Copyright law does not bar remedy against breach of confidence
19 June, 2015
In a suit involving breach of confidence action which also alleged infringement of copyright, the Bombay High Court has granted interim injunction restraining the defendant from releasing the offending film alleged to be based on the script/screenplay of the plaintiff. Noting differences between the statutory right of protection of copyright and the common law right of protection of trust or confidence, and observing that protection of confidence is a broader right than the proprietary right of copyright, the High Court considered the facts of the case in the light of the law of breach of confidence. It noted that Section 16 of the Copyright Act does not abrogate any right or jurisdiction to restrain a breach of trust or confidence, and that while copyright protects the expression of an idea or plot, breach of trust/confidence protects the idea/plot itself if the same has been sufficiently developed and communication to the other party proved.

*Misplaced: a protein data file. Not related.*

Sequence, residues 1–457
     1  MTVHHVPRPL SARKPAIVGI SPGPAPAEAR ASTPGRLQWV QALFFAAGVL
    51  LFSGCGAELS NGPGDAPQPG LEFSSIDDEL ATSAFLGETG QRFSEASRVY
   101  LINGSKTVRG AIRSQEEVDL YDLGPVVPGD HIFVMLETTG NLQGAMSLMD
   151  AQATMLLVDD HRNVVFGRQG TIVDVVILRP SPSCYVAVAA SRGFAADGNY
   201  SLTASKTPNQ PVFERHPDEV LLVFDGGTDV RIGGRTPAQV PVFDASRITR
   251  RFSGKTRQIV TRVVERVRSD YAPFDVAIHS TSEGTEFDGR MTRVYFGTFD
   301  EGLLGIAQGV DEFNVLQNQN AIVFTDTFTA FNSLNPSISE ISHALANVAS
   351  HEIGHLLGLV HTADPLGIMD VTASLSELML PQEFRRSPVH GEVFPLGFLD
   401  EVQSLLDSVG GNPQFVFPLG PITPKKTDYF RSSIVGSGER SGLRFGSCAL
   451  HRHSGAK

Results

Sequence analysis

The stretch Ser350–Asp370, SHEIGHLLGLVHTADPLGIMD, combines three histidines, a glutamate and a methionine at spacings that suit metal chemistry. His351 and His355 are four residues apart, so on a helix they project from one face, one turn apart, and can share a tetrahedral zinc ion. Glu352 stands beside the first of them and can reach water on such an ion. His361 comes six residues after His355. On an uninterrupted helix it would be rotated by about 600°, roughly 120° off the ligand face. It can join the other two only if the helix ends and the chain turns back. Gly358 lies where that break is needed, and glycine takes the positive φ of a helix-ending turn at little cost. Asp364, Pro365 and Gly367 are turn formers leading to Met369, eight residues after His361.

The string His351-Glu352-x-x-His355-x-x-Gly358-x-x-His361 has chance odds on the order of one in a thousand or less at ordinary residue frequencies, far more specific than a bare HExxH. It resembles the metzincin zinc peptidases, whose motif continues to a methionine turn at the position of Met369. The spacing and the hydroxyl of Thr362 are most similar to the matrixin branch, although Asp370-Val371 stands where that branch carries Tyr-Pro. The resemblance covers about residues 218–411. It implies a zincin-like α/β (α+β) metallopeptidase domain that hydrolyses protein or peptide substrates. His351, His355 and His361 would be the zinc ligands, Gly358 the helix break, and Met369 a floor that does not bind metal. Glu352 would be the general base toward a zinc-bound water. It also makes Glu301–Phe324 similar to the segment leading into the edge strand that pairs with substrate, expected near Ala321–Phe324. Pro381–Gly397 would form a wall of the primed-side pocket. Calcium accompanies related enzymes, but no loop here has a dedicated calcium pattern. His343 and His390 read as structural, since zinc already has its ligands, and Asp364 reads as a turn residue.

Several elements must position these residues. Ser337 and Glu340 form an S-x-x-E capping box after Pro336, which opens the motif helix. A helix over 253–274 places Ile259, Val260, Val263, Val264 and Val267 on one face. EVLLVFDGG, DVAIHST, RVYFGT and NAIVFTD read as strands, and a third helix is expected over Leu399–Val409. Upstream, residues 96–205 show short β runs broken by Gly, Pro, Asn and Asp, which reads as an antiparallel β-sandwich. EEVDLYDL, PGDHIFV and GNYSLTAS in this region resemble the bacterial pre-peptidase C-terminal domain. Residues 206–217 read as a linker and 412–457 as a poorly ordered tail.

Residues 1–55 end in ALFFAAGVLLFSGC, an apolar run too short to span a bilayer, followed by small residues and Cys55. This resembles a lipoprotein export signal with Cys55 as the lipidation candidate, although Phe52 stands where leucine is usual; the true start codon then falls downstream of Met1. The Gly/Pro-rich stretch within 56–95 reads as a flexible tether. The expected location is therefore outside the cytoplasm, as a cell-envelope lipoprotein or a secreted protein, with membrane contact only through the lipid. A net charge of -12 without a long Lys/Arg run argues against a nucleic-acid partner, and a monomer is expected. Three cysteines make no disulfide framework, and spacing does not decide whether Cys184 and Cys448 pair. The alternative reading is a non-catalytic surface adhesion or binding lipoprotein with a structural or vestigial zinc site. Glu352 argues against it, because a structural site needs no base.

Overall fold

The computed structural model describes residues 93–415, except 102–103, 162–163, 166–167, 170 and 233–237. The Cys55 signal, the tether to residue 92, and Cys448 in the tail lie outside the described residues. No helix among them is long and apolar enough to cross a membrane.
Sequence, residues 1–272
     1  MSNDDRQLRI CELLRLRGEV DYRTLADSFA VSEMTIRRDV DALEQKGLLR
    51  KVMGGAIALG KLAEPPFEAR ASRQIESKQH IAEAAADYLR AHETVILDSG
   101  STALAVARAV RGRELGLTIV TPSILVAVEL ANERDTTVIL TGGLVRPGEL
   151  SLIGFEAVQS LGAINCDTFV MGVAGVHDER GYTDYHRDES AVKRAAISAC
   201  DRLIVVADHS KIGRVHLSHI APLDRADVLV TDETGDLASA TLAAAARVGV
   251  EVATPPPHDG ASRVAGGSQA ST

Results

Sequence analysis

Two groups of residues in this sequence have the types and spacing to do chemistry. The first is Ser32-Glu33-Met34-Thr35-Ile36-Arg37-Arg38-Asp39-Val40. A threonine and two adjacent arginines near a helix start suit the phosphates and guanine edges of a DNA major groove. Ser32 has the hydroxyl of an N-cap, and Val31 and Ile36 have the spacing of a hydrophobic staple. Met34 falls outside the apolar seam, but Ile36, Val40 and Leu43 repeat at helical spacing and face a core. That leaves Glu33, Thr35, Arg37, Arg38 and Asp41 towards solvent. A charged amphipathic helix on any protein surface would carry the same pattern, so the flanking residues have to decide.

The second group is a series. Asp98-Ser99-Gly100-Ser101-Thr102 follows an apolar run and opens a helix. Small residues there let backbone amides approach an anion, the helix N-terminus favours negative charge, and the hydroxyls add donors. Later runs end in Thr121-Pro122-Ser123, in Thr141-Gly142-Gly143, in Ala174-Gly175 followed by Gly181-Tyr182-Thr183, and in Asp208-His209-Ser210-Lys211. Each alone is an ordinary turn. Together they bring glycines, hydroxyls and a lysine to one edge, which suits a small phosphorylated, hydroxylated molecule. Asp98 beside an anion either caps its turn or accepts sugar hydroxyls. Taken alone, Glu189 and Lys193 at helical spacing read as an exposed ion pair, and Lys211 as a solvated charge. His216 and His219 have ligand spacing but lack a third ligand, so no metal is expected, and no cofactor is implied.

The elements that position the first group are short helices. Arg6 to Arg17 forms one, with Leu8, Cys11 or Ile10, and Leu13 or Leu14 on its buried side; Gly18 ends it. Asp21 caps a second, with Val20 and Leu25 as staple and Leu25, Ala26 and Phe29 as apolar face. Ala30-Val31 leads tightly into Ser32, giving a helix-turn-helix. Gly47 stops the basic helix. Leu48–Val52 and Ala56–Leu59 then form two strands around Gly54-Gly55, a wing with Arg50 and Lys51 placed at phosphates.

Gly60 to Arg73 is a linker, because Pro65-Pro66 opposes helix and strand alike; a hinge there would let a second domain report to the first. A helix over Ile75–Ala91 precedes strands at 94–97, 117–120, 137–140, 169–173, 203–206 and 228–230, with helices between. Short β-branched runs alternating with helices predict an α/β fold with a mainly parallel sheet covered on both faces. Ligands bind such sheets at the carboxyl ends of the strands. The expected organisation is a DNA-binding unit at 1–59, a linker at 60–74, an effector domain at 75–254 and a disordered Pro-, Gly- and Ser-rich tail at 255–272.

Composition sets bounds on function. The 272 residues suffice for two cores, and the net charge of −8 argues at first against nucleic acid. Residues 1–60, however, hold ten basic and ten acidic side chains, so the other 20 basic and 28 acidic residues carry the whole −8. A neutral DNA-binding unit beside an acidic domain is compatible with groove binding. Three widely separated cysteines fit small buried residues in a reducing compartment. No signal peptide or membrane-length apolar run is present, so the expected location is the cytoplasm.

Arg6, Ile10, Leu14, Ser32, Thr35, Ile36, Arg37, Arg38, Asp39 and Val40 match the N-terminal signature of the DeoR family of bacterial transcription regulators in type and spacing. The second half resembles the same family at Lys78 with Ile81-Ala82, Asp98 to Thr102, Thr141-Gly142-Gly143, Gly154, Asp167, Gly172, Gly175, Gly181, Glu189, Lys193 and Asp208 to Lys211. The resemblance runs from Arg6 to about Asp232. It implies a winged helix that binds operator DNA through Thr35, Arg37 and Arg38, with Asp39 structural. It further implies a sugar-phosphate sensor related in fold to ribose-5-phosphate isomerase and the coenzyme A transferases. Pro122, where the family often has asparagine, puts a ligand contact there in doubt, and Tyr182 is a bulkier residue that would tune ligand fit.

On the question as to whether the screenplay of the petitioner could be termed as ‘novel’ in order to protect the same as copyright or confidence, the court noted that ‘novelty’ or ‘originality’ of an idea or work of art or literature does not imply that it should not have been derived from what is already available as public knowledge. It was found that a number of individual components of the petitioner’s screenplay were known or common but, their unique combination gave ‘novelty’ or ‘uniqueness’ to the material, and hence the same merited recognition as confidential information. Noting that essential elements of the screenplay of the petitioner appeared to have been used in the defendant’s film, the Court in this case of Jyoti Kapoor v. Kunal Kohli as decided on 19-5-2015 was of the view that the plaintiff had arguable case that the material was actually used by the defendant. Granting interim injunction, it held that damages in the case were not capable of being compensated in money.